• Open Access

The 2012 European Union Report on pesticide residues in food

Authors

  • European Food Safety Authority


  • Correspondence: pesticides.mrl@efsa.europa.eu
  • Acknowledgement: EFSA wishes to thank Herman Fontier (Belgian Federal Public Service Health, Food Chain Safety and Environment) for his independent scientific review of this report.
  • Approval date: 5 December 2014
  • Published date: 11 December 2014
  • Question number: EFSA-Q-2013-00652
  • On request from: EFSA

Abstract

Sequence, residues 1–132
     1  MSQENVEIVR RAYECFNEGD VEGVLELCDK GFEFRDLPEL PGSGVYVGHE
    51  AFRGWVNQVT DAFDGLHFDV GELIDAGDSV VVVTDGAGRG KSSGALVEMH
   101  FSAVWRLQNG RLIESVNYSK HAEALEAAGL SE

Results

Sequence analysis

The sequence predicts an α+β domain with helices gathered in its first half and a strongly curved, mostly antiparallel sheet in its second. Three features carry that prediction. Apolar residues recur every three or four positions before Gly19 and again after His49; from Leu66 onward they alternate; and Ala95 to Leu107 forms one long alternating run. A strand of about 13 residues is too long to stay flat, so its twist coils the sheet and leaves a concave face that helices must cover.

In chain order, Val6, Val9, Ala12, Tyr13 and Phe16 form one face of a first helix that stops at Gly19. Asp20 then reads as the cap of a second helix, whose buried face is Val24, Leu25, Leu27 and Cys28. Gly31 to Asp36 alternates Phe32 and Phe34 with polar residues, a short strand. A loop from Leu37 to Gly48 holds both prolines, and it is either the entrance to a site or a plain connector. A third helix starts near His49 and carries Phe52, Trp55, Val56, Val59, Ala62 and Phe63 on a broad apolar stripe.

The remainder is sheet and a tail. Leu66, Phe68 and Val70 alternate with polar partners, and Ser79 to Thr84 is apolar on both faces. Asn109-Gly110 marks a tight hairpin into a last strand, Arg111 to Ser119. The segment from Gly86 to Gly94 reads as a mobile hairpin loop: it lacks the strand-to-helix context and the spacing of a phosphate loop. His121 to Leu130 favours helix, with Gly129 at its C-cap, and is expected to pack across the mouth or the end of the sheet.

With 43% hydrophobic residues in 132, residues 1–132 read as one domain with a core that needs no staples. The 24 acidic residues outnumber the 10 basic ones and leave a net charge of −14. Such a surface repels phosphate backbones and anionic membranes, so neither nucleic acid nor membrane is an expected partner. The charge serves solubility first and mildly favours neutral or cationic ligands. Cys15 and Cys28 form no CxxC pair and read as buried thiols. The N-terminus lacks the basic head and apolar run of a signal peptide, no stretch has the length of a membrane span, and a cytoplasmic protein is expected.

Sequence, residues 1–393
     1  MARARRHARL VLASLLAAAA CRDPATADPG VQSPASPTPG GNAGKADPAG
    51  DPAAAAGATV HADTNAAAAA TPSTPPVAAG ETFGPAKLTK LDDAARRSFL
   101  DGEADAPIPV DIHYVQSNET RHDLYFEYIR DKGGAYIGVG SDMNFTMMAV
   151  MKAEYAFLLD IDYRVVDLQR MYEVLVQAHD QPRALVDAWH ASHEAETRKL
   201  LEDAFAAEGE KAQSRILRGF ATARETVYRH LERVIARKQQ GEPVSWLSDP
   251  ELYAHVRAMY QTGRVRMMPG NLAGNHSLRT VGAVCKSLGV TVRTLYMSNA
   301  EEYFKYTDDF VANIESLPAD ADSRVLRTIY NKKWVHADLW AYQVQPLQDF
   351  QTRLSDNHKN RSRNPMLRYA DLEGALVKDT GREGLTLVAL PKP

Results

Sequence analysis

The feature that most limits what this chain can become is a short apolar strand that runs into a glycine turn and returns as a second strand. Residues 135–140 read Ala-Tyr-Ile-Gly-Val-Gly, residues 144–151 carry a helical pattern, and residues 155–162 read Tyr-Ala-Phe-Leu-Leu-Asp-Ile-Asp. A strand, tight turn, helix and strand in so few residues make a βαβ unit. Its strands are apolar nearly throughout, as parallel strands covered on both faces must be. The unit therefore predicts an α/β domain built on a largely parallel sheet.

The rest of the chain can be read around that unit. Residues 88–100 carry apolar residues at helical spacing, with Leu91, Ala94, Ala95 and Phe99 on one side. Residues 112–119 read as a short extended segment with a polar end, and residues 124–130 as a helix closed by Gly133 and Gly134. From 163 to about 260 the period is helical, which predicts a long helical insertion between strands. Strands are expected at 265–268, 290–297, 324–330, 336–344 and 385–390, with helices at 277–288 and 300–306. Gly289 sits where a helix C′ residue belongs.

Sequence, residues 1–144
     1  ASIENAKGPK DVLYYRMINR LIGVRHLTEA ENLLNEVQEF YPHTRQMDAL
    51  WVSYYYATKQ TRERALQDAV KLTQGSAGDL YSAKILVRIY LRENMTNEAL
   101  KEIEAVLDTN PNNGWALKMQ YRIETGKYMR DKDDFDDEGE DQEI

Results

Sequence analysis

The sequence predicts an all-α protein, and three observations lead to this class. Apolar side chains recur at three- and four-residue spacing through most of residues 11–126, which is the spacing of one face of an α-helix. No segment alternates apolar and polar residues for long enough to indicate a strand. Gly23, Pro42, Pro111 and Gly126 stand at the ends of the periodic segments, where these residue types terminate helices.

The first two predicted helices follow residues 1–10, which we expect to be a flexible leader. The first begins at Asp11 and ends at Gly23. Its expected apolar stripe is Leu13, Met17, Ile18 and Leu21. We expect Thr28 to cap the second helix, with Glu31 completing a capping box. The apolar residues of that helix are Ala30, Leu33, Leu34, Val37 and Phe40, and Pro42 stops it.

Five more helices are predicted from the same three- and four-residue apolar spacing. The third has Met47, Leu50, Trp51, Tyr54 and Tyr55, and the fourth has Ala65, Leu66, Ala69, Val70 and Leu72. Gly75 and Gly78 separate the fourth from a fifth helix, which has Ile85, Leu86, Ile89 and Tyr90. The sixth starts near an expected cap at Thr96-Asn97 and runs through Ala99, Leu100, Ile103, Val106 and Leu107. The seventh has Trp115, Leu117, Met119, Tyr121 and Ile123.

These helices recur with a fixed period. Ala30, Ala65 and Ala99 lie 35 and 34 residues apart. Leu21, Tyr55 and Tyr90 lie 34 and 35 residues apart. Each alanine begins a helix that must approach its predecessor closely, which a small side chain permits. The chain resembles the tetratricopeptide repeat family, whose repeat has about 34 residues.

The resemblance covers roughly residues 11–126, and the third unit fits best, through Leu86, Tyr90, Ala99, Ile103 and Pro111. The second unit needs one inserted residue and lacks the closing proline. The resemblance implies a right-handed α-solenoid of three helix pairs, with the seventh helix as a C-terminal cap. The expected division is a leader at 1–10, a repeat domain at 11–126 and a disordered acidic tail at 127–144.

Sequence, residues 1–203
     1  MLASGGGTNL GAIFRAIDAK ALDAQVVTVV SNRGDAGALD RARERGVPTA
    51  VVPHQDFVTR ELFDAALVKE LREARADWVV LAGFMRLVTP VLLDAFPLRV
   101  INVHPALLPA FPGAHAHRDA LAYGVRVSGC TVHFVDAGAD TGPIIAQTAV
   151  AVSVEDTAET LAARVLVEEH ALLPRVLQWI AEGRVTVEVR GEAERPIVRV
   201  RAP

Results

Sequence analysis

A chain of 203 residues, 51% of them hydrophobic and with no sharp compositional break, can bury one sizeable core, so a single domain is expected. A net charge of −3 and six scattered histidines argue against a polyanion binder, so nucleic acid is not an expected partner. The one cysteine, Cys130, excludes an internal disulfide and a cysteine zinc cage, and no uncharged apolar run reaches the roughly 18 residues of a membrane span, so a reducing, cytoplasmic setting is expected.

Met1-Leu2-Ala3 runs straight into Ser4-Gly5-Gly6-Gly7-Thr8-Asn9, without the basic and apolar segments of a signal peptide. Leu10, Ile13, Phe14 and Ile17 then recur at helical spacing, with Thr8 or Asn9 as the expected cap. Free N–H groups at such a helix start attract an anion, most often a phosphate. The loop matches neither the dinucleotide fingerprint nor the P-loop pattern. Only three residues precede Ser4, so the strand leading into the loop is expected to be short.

The report summarises the results of the control activities related to pesticide residues in food carried out in 2012 in the EU Member States, Norway and Iceland (hereafter referred to as reporting countries). A total of 78,390 samples of more than 750 food products were analysed for pesticide residues. A substantial number of samples from third countries (6,472 samples) were taken for products subject to increased import controls under Regulation (EC) No 669/2009. In the framework of the EU-coordinated monitoring programme which is aimed at providing statistically representative results for the EU, 10,235 samples of 12 different food commodities were analysed for 205 different pesticides. Overall, 98.3 % of the tested food samples were compliant with the legal limits; 54.9 % of the samples contained no quantifiable residues at all. In general, a higher prevalence of residues exceeding the Maximum Residue Levels (MRLs) was observed for products imported from third countries (7.5 % for imported products versus 1.4 % for products produced in one of the reporting countries). On the basis of the dietary exposure assessment performed for the pesticides covered by the EU-coordinated monitoring programme EFSA concluded that according to the current scientific knowledge, the presence of residues found in food in 2012 was unlikely to have a long-term effect on the health of consumers. In 280 cases of the total of 1,765,663 determinations reported for food products covered by the EU-coordinated programme the residues occurred in concentrations where a potential short-term consumer health outcome could not be excluded if the products were consumed in high quantities.

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